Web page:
Commentary, News

This Week’s Top Five on NC Policy Watch

McCrory 2008 20151. What would the Pat McCrory of 2008 think about the current culture of corruption in Raleigh?
A couple of weeks before the 2008 gubernatorial election, then candidate Pat McCrory released what his campaign described as a detailed reform plan to end the “culture of corruption” he said was a major problem under the previous Democratic administrations in Raleigh.
The plan included a five-section-long executive order that he would issue if was elected and a seven-part legislative agenda. The introduction to the specific policy proposals included this promise.

“In North Carolina, ‘it’s time for a change’ is not just a campaign slogan…it’s a necessity. As governor, I will shake up state government by establishing a culture of honesty, integrity and transparency. Corruption and fraud will not be tolerated. Public service will be conducted ethically and without undue favor.”

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For-profit colleges2. In the wake of for-profit college collapses, a long road to student loan debt relief
State and federal regulators announced a string of court victories and settlements involving predatory for-profit colleges in recent weeks, and while at first glance the numbers are big and the recognition of widespread deception precedential, the impact on student borrowers laden with loan debt might not be so direct.

In late October, a federal judge entered a $531 million judgment against Corinthian Colleges — one of the largest for-profit college chains in the country, with more than 100 campuses and approximately 74,000 students — finding that the schools had deceived student borrowers about costs and career opportunities. The company had already ceased operations and shut down all its campuses in late April and filed for bankruptcy in May.

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McCrory UI3. The McCrory administration’s “ketchup is a vegetable” unemployment insurance system
Thirty-four years ago, the administration of President Ronald Reagan stirred up one of the great domestic policy P.R. controversies of the early 1980’s with its laughably ill-conceived plan to consider tomato paste (and, thereby, its salty-sweet sibling, ketchup) as a “vegetable” in the national school lunch program. The purpose of the proposal, of course, was to save money in a supposedly overly-generous “welfare” program that was draining public coffers.

By the end of 1981, the ridiculous cost-cutting proposal had been quickly repudiated and consigned to the monologues of late night comedians. In the decades since, “ketchup is a vegetable” has rightly served as a shorthanded putdown for clumsy and mean-spirited proposals of all kinds that seek to slash essential public service programs in the name of cost-cutting, all while attempting to maintain a veneer of compassion and decency. If there is any justice in the world, the “ketchup is a vegetable” moniker will soon be widely applied to another, more recent and cold-hearted assault on an essential safety net structure – North Carolina’s unemployment insurance system.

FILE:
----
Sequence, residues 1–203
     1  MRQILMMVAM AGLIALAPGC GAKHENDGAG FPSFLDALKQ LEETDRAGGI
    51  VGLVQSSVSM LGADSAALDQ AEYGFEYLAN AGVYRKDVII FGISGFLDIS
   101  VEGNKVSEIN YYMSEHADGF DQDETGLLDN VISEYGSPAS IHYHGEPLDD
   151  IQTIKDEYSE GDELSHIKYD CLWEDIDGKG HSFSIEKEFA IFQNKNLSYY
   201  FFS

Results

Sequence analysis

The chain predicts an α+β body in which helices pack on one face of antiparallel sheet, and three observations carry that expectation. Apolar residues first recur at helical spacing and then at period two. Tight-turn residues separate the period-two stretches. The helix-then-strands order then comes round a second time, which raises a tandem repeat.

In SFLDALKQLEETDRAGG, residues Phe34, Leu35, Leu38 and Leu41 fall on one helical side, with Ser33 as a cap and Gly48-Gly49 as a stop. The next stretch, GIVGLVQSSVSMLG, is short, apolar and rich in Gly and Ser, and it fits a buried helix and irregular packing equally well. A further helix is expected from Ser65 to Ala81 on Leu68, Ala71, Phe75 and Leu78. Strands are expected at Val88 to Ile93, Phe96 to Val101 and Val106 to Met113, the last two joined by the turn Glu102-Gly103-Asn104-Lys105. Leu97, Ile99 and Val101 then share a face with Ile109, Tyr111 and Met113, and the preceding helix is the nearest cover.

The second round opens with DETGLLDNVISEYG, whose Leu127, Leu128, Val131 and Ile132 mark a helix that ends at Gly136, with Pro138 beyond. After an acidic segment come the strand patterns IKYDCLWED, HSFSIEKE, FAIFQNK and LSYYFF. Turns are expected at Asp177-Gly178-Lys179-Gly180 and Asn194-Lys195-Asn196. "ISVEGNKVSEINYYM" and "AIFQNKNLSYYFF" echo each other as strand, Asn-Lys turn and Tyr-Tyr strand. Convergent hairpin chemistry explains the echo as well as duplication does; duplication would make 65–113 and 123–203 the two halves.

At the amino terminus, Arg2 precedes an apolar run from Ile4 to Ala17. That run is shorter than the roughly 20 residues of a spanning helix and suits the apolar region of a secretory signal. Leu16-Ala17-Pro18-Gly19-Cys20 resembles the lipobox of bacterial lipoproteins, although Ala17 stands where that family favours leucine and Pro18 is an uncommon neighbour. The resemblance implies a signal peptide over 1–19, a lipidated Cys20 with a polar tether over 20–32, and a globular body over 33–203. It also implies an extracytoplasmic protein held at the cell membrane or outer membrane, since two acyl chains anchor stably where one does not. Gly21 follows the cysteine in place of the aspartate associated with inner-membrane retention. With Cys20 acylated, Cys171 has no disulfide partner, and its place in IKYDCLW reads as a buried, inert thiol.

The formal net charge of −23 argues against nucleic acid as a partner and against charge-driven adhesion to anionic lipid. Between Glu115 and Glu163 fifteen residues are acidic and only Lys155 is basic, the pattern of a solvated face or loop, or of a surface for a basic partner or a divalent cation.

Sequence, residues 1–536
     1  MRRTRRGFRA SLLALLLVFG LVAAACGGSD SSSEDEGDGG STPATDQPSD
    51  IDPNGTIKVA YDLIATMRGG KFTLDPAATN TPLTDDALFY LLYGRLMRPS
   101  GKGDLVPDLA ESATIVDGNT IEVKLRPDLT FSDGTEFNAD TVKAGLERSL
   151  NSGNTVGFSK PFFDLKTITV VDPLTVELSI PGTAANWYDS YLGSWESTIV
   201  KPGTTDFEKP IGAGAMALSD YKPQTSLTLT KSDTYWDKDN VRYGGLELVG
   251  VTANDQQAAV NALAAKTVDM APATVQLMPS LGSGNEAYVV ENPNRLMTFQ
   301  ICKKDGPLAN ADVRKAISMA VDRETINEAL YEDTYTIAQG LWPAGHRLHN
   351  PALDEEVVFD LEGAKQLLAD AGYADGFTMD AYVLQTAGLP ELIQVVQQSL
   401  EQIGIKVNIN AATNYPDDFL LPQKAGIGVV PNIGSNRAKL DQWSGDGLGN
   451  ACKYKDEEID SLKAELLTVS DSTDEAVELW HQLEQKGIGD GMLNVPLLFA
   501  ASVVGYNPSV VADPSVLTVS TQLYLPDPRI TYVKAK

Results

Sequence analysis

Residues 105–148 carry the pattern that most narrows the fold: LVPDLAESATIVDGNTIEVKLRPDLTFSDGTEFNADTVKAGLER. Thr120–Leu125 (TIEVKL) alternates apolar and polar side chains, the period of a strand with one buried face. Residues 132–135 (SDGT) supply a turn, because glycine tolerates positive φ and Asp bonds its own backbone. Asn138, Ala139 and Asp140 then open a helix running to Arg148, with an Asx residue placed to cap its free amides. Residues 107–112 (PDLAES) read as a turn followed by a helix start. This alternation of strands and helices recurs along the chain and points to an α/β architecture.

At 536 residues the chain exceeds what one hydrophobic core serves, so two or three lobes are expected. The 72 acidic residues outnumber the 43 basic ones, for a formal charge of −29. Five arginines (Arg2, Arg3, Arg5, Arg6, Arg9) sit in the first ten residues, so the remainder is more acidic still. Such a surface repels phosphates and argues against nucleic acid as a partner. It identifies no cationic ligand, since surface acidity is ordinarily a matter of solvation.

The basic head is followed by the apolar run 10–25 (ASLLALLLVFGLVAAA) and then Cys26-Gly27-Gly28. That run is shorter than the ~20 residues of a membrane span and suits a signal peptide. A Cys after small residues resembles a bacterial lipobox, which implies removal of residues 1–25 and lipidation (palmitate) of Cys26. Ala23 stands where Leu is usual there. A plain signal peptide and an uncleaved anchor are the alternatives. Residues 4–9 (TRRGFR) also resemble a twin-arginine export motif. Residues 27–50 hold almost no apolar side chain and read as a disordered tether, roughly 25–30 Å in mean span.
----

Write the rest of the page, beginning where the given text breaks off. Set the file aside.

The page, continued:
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Western Governors U4. Out-of-state online college favored by legislature halts NC enrollment while waiting for approval
An online college granted money in the last state budget is facing snags enrolling North Carolina students.

Western Governors University stopped accepting students from North Carolina this fall because it hasn’t yet gotten the required approval from the state university system.

The online college had been enrolling students previously, despite warnings from the UNC system in 2014 to stop until the state system had vetted the online college’s offerings.

Caught in limbo were nearly 700 teaching and nursing students, who needed to spend time observing classrooms or in clinical medical settings before being able to go out into the workforce.

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Wages5. New report: Raising public employee wages helps balance budgets and boost the economy
Raising wages for municipal and county employees lets workers afford the basics, boosts the economy, and helps local governments balance their budgets, a new report finds. That’s why dozens of states and local communities across the nation have recognized that the federal minimum wage simply doesn’t pay enough for families to cover their everyday needs and have acted to establish better wages by enacting living wage policies.

Municipal and county governments in North Carolina have already seized the opportunity to join this national movement and take positive action to raise wages for workers living in their communities. Local governments in Greensboro, Greenville, Asheville, Durham, and Wake County have all enacted living wage increases for their own public employees, while a dozen other municipal and county governments have wage floors well above the national minimum wage of $7.25.

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Lonise BiasAnd be sure to RSVP for a very special upcoming Crucial Conversation luncheon:

Closing the health coverage gap for North Carolinians living with substance use disorders:
Featuring Dr. Lonise Bias of the Len and Jay Bias Association and Jeff Matkins of Insight Human Services
Monday, November 30, at noon

Space is limited – pre-registration required.
Click here for more information

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